In 1987, Andreu Mateu from Tarragona, in Spain, went to work in the Commercial Office of the Spanish Embassy, in New York, armed with a law degree in Enterprise Sciences, a Masters in Company Administration and, as he puts it, “a full knapsack of dreams”. Five years later, Andreu decided to change his entire life and focus on those dreams, so he gave up his job and set off on a journey that was to take him to 120 countries. He took with him a camcorder, two cameras and a laptop.
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His modes of travel were many; Europe on a bike, Africa on a motor bike, the passage of the Straits of Gibraltar by swimming and then he decided to cross the Atlantic, solo sailing and bought a 30 foot boat. The only problem was that he didn’t know how to sail!

“It was a big challenge.” says  Andreu “I never sailed, but I decided to do it and I learned in one month and did it. The satisfaction of conquering that challenge was very good for my confidence and it was a great experience. It took me 34 days, from Las Palmas, Grand Canaria, to Miama, Florida”.

In October 1995, Andreu Mateu returned to Spain, with more than 12,000 photographs, and 170 hours of video and a realisation of the benefits of fulfilling his dreams.

Andreu became impassioned by the idea of being able to share and transmit his experiences in the business world and, whilst he was organising his material for motivational conferences, articles and radio programs, prestigious international consultant Coopers & Lybrand entrusted him with the organisation of a program of Outdoor Motivation.

From then on, Andreu decided to dedicate himself to advocating the benefits that a determined mentality, coupled with some outdoor challenges, can have for both individuals and organisations and he became a pioneer in the organisation of outdoor events and activities for companies.

After 10 years of hard work in that field, Andreu decided that the time had come, once again, to fulfill a dream of his own, one that had haunted him from the day he arrived in Miami, after sailing solo across the Atlantic; to row alone and unsupported, across the Atlantic.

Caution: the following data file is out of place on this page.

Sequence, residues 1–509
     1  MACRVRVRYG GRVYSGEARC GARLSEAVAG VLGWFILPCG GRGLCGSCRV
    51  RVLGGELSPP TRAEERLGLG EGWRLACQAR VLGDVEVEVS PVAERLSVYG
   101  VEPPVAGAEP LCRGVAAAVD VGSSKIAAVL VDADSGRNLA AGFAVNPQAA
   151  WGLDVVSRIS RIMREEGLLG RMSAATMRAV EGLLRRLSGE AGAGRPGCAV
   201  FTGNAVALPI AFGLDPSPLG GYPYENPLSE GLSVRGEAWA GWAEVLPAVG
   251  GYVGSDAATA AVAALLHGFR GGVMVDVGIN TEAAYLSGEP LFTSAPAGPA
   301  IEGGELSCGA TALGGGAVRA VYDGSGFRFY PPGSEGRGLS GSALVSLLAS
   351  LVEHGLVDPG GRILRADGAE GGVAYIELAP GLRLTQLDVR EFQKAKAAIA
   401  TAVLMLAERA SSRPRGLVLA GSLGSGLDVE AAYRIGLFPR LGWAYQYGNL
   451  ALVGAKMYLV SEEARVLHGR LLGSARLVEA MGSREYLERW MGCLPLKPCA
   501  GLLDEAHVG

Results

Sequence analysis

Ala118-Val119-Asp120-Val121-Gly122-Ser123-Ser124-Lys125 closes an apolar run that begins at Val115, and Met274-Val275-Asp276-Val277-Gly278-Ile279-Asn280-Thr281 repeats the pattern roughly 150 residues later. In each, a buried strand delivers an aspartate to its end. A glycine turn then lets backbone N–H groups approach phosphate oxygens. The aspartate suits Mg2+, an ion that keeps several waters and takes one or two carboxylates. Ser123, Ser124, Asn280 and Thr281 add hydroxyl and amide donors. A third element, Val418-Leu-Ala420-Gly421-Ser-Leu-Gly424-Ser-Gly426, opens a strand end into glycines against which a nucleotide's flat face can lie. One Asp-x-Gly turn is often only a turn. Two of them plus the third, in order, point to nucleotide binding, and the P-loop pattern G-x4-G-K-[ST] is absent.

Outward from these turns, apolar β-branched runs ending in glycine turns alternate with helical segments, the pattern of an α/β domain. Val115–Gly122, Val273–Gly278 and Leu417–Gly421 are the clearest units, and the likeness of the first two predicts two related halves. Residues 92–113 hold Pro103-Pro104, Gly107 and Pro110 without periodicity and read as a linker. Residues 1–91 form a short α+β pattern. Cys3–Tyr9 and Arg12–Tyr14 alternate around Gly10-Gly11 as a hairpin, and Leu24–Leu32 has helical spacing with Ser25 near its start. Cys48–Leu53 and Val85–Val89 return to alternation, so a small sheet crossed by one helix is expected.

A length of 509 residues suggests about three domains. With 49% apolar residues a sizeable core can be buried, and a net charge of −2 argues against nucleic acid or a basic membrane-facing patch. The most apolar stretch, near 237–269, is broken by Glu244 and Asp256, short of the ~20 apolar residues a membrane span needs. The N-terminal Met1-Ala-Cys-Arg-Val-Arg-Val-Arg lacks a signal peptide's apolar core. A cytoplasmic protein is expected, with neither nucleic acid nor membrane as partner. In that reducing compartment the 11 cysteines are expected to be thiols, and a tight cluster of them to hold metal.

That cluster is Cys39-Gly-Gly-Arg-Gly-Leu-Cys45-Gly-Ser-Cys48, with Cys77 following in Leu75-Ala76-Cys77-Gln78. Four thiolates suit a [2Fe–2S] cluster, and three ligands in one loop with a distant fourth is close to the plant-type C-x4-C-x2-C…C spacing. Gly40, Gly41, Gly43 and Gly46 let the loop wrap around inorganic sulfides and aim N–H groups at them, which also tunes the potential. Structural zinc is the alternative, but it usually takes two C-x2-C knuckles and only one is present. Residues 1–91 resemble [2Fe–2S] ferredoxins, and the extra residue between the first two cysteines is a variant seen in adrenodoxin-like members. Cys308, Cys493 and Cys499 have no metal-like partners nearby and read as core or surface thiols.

Andreu Mateu began his solo Atlantic row last December, in a boat that had been intended for the Woodvale Event 2005 crossing, but became an abandoned project  and was rebuilt for him.

Andreu’s biggest worry about being alone and without support is his health. He’s a very fit man, but is, nevertheless, concerned about staying fit and not getting sick or injured, maybe breaking an arm, or leg.

Storms worry him too, because he can’t control the weather. He is hoping to have good weather for 80% of the time, but is just a little bit concerned that in 60 to 90 days at sea, he might encounter a very big storm.

Another worry is collision. He thinks that commercial traffic may not see such a small boat and has heard stories of vessels being hit by a whale’s tail, which he fears would break his boat.

In case of emergency disabling his boat, Andreu has an inflatable liferaft and carries three ways of communicating that he’s an trouble; an EPIRB an ARGOS beacon and a satellite phone.

Not so much a worry, but still a concern, is pain and suffering. He says “I know I am going to have it, especially in my arms and my hands. Rowing for so long is going to ruin my hands and also my arse. This is probably where I am going to suffer most; the two parts of my body that it’s going to be hard on.”

Competitors in the last Atlantic Rowing Race constantly reported problems with very painful sores on their bottoms and Andreu was resigned to suffering in the same way, though he has done what he can to minimise the problem.  His precautions include several different kinds of foam, to put on his seat and a variety of creams that will help to reconstruct his skin, when he starts getting sores.

Andreu has taken fishing gear and hopes to supplement a high carbohydrate diet, of mainly dehydrated food, with lots of fresh fish. The dehydrated food is the sort used by astronauts. “Chicken with rice, chicken with noodles, chicken with ...” he laughs, but he does have icecream too!

Drinking water will be mainly produced daily, by a watermaker that makes about 6 litres an hour and is powered by two 80 amp hour batteries, connected in parallel. The batteries are charged by six solar panels.

As a back up, Andreu has a hand operated water maker and carries about 100 litres of fresh water, which also acts as the ballast of the boat and makes it self right in case of  capsize.
 
On the last Atlantic Row there was considerable trouble with loss and breakage of oars and this is another concern for Andre because, as he says, “There is not much I could do for the oars to prevent losing them, and I might, so I have three pairs with me.”

 

Andreu Matteu started his Atlantic crossing at La Gomera, in the Canary Islands, on December 2, 2006 at 11.40 am (GMT).  After  50 days of rowing, he had not quite reached the half way point, having followed a somewhat zigzag path, since suffering rudder failure, which he has been unable to repair. You can follow his progress on BYM Sports News, which has regular updates from him.

If Andreu succeeds he will become the first Spaniard  to row across the Atlantic.

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